The Canadian Lake Ice Model (CLIMo) is a one-dimensional thermodynamic ice model which was originally developed as a sea ice model by colleagues Greg Flato and Ross Brown from Environment Canada. The model has evolved over the years through efforts by members of our group (Claude Duguay, Patrick Ménard, and Laura Brown) and continues to be improved. CLIMo has been validated extensively and applied to simulate lake ice cover (phenology, thickness and composition) across Northern Canada and Alaska under contemporary and future (projected) climate conditions.
Examples of recent outputs generated with the model can be found on the Products page.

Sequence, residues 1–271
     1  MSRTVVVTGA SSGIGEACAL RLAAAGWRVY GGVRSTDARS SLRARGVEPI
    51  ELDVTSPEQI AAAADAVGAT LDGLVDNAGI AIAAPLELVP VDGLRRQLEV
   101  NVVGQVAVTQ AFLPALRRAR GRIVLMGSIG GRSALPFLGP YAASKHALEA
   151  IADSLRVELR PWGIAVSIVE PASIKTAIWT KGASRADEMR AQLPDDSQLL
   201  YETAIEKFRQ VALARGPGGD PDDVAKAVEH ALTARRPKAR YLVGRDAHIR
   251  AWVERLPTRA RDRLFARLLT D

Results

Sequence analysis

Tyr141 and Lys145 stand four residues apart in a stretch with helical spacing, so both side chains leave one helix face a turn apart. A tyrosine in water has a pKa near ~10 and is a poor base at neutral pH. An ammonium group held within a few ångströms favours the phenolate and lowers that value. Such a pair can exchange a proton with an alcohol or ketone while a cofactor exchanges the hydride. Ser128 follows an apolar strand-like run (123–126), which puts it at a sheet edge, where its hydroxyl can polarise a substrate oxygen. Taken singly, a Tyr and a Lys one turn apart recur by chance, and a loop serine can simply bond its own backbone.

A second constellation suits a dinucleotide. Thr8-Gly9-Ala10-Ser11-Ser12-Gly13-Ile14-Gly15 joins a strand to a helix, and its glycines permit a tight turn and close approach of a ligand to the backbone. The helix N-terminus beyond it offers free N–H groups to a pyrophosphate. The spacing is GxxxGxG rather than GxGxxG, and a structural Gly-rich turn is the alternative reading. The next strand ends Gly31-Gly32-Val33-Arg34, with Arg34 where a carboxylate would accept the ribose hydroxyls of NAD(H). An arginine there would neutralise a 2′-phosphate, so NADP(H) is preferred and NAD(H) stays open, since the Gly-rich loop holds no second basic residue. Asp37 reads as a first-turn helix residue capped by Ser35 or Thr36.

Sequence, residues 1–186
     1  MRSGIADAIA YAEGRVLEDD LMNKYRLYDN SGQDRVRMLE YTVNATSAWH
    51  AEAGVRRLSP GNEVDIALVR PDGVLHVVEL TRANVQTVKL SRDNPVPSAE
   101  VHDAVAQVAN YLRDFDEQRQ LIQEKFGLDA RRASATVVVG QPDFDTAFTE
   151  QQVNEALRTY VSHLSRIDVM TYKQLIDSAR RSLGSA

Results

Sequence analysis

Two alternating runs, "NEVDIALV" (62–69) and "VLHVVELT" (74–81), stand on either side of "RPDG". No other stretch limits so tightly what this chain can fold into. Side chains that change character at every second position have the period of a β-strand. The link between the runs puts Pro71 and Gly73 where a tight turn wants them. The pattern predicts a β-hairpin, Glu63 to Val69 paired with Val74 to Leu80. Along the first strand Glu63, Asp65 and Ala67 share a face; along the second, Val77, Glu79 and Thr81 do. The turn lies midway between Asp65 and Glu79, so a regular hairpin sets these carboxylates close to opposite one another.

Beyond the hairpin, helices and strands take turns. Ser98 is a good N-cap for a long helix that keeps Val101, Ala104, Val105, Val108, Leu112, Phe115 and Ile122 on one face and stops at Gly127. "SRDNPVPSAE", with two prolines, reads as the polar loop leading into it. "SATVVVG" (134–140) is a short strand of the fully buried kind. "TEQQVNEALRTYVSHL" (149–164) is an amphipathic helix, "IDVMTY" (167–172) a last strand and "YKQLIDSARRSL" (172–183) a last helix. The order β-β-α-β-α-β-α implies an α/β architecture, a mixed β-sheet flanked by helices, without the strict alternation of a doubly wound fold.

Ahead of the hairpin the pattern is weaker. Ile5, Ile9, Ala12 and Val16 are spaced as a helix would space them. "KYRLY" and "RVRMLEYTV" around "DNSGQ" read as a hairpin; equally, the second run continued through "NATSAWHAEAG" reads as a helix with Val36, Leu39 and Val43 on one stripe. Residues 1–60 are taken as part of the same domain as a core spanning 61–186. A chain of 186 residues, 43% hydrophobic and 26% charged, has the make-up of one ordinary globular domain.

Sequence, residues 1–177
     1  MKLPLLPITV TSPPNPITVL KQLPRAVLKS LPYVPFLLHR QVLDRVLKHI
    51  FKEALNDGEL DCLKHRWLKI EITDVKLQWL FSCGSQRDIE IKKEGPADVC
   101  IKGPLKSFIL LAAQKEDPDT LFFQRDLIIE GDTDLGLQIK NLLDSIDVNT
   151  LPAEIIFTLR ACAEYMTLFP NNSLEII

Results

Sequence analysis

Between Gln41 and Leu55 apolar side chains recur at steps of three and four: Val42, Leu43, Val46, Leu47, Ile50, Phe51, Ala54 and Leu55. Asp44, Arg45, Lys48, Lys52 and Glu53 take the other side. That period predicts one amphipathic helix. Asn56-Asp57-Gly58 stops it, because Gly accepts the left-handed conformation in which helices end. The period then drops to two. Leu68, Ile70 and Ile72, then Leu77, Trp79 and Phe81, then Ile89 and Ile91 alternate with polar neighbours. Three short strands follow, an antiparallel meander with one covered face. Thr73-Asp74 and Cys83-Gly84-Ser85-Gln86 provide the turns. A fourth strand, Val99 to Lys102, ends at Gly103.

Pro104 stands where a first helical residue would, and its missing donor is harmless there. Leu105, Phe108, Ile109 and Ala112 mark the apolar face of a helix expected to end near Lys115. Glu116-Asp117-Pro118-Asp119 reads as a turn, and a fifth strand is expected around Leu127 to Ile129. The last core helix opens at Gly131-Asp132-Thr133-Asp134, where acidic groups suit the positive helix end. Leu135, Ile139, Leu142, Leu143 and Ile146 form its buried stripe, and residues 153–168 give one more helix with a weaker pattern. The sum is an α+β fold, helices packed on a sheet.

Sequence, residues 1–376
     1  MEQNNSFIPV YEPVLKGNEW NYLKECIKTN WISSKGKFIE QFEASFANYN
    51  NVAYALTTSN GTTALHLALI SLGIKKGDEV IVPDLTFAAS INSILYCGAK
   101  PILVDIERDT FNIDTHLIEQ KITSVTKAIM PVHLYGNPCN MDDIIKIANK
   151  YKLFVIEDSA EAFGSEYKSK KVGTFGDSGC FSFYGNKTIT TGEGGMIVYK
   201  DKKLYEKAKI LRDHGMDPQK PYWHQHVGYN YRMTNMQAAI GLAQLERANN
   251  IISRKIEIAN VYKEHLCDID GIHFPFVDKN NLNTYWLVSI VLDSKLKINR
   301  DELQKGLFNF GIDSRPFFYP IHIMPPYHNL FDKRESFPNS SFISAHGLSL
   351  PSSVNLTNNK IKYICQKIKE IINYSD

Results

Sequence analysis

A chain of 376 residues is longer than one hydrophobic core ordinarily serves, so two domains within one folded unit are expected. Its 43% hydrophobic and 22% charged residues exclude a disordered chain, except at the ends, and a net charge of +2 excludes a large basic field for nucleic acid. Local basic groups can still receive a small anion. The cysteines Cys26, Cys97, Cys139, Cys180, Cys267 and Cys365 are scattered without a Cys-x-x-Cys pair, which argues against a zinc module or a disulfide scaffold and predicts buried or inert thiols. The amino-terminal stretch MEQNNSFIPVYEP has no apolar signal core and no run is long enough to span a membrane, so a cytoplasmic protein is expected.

“FLake is a freshwater lake model capable of predicting the vertical temperature structure and mixing conditions in lakes of various depths on time scales from a few hours to many years. The model is intended for use as a lake parameterization scheme in numerical weather prediction, climate modeling, and other numerical prediction systems for environmental applications. FLake can also be used as a stand-alone lake model, as a physical module in models of aquatic ecosystems, and as an educational tool.”
Our group has been evaluating lake surface temperature and ice cover (freeze-up/break-up dates and thickness) simulated with FLake against remote sensing and in situ observations from Great Bear Lake and Great Slave Lake, Northwest Territories, Canada.